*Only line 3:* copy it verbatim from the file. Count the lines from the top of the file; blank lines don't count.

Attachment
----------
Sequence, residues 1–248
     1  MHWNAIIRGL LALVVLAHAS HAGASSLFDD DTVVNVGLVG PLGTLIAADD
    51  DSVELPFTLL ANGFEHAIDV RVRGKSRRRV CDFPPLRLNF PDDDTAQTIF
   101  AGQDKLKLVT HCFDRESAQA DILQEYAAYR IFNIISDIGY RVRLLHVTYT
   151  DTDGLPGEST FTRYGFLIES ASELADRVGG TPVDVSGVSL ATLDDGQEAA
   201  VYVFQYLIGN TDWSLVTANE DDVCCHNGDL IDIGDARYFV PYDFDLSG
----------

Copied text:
    51  DSVELPFTLL ANGFEHAIDV RVRGKSRRRV CDFPPLRLNF PDDDTAQTIF